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Merger mania hits

The markets are awash with speculation of further M&A activity with mid-sized companies touted as the most likely bid targets

The slump in the price of oil to below $60 a barrel on the world markets, coupled with fears that the US economy is set to enter recession, has caused investors to re-evaluate the prospects for shares, while the stockmarket continues trading just under the 6,000 level as measured by the FTSE 100 Index.

The biggest share price hike was seen at Shire Pharmaceuticals, which received a boost as a knock-on effect of UCB of Belgium buying Germany's Schwarz Pharma for £4.4bn.

News of the deal led market-makers to speculate on possible further bids in the sector, which has already seen a flurry of M&A activity in recent months, kick-started by Bayer's tie-up with Schering, followed by news that Merck KGaA has swallowed Serono and Altana is set to become part of Nycomed. Shire Pharmaceuticals, which focuses on biological drugs, is a City favourite for the next bid.

The wisdom of the marketplace suggests that buyers are not looking for companies with low price tags, but for mid-sized companies with good drug portfolios.

On the big bid front Swiss biotech Serono is now under investigation by the Swiss Stock Exchange for a possible violation of listing rules. Serono shares were temporarily suspended because it failed to announce news of the Merck KGaA bid in a statement to the exchange.

Ups and downs
Antisoma saw a sharp rise of 4.5p in its share price to 19.5p after announcing good results from a phase II trial of AS 1404, its lung cancer drug.

AS 1404 was tested in combination with chemotherapy and the phase II results showed that the drug extended lung cancer patients' life by an extra five months, as measured against using chemotherapy alone.

Intercytex, the cell therapy company, delivered a loss of £4m in the first half of the year ended June 30 2006, against a loss of £3.36m in the same reporting period in 2005, with turnover zooming up from nil to £82.6m.

The company uses human cells for its skin and hair replacement products - a market that Intercytex believes is worth some $6bn in sales.

Intercytex currently has a venous leg ulcer treatment in phase III trials and expects to release further information about the developmental product in the second half of 2007. The company has a healthy pipeline with a number of products ready to enter phase I or phase II clinical trials: its skin replacement product is about to enter phase I trials, while an anti-wrinkle product, which could be ready for market in 2008, a diabetic foot ulcer drug and a treatment for baldness are all about to go into phase II trials.

Sinclair Pharma, the dermatology company, announced a pre-tax loss of £2.75m for the year ended June 30 2006, against £1.76m in 2005 with sales shooting ahead 66 per cent to £11.6m.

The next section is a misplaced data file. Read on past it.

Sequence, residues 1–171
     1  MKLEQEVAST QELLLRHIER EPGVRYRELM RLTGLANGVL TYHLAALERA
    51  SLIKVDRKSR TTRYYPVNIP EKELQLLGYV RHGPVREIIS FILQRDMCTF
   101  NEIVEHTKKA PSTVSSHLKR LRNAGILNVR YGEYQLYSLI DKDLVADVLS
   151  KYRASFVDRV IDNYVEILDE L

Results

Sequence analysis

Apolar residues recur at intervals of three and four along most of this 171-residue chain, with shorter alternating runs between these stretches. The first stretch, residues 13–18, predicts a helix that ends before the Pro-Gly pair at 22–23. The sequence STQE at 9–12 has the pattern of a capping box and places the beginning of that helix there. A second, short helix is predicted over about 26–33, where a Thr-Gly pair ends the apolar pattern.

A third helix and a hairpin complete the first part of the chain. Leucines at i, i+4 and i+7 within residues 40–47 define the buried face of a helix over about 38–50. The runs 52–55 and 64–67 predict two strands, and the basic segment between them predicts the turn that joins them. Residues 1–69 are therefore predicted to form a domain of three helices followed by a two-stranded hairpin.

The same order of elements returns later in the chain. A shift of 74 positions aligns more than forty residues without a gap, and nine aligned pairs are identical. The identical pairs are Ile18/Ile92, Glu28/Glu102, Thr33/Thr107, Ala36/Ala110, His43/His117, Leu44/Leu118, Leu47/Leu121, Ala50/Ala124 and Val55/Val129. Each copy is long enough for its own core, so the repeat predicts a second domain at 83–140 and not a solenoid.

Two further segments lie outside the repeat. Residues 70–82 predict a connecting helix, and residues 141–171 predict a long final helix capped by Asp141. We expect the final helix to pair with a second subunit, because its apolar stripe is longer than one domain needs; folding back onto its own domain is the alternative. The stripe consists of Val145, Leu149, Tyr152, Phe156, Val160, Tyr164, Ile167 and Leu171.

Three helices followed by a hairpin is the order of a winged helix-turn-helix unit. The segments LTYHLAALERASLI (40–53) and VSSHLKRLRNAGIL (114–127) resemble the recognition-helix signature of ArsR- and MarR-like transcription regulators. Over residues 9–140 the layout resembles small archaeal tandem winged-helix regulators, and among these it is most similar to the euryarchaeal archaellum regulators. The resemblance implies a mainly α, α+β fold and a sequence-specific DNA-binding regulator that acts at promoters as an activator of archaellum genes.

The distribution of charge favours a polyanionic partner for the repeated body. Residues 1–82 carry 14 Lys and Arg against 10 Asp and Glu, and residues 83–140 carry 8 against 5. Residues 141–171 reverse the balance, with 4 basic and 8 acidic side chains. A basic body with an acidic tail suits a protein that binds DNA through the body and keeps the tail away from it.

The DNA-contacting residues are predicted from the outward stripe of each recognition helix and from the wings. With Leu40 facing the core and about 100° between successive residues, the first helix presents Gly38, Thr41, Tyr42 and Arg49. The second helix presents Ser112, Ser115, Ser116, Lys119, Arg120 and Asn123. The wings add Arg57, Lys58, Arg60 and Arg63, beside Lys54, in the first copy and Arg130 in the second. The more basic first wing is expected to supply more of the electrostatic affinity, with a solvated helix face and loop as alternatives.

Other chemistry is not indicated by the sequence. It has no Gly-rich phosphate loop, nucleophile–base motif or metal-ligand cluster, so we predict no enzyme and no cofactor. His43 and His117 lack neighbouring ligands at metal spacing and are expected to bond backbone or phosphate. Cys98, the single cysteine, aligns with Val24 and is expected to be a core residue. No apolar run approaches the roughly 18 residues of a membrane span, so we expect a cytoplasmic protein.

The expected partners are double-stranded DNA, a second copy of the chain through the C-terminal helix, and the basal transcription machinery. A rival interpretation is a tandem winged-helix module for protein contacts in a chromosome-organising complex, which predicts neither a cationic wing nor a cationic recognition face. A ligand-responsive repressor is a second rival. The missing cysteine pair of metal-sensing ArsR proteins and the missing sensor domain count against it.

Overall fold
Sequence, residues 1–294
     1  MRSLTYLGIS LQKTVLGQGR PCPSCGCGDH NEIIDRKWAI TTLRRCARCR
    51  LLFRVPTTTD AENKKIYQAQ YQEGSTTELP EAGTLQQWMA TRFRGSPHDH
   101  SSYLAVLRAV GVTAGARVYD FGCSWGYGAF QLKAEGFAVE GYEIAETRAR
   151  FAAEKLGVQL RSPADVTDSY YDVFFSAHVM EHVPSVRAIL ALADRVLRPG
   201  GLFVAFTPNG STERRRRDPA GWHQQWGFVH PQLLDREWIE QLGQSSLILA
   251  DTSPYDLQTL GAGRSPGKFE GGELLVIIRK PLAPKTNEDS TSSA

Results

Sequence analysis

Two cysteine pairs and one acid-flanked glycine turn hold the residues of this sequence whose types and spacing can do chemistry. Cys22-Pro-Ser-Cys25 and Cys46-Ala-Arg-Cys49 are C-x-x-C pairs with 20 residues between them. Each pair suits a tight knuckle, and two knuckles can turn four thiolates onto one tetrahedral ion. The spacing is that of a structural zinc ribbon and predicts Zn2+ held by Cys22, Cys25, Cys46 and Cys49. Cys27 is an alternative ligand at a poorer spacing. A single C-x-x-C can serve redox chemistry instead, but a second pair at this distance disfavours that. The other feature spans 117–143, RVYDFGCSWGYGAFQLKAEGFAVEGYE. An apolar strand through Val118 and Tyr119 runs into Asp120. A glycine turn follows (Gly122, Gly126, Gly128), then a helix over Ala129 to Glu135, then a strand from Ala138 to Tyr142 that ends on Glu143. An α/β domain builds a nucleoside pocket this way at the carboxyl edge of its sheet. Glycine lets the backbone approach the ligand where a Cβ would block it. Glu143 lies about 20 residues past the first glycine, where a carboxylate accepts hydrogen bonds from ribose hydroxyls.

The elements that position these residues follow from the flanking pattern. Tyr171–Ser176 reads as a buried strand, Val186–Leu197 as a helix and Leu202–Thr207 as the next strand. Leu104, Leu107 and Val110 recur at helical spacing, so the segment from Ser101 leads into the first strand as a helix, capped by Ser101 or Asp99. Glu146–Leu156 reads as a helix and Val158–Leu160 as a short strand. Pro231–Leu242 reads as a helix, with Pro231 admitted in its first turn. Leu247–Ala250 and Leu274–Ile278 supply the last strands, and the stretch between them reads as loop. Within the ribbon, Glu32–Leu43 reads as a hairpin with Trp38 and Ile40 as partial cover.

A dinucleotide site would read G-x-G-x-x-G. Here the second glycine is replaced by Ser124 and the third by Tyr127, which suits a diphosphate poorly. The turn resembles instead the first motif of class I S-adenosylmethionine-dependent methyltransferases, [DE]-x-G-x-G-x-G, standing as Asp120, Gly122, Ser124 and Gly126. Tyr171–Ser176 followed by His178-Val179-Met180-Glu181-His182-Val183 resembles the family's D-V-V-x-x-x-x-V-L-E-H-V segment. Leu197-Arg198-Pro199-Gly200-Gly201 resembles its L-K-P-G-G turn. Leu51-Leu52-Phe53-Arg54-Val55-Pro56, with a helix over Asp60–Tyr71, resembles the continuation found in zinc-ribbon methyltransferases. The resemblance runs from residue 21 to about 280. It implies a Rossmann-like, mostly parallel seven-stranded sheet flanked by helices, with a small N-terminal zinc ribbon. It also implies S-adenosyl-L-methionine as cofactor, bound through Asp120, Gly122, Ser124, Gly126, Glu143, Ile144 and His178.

While Sinclair is risk averse and buys in late-stage products that have run into difficulties, it has gained a solid foothold in Europe by buying C S Dermatology - an astute acquisition, which has pushed sales ahead and should deliver pre-tax profits for the firm this year. Dermatitis cream Atopiclair is enjoying rapid sales and the company is expected to experience a sales boost from the US launch of mouthwash Decapinol by Sinclair's partner Johnson & Johnson later this year.

Fledgling contracts
Vastox, the AIM-listed drug discovery company, has posted a pre-tax loss of £1.3m for the six months ended June 30 2006, against a loss of £130,000 last year, while sales soared by 133 per cent to £469m. Edison Research expects full-year losses of £2.6m from a £1.15m loss in 2005.

Vastox uses zebra fish and fruit fly technology to test new drug compounds to establish their toxicity. The company is scooping up plenty of new pilot contracts and is also carrying out a stem-cell screening programme, funded by the Department of Trade and Industry.

In addition, Vastox makes its own drugs, which are early-stage trials, and aims to license most of them out before human trials take place.

In February, £10m was raised via a placing to provide the necessary cash for Vastox to launch its muscular dystrophy product, Duchenne.

Rationing of influenza jabs
The nation's doctors are preparing to ration this winter's flu jabs over the next eight weeks, on news that supplies will be delayed following problems at the laboratories of vaccine makers earlier in the year.

The glitch was caused by a switch of vaccines after the first flu jab of choice, Wisconsin 161, failed to grow - a problem shared by all vaccine makers. The second strain, 161 B, was successful but production is now well behind schedule. By November last year, GP surgeries had taken delivery of 10.5 million doses of flu vaccine; this year, forecasts suggest that compared with the same period in 2005, surgeries will be 1.5 million doses short. The suppliers have to meet a government order for 15.2m doses and it is expected they will do so by late December

The author
Malcolm Craig is the author of 14 books on different aspects of successful investment ranging from the stockmarket to gold, from overseas property to gilts.

2nd September 2008

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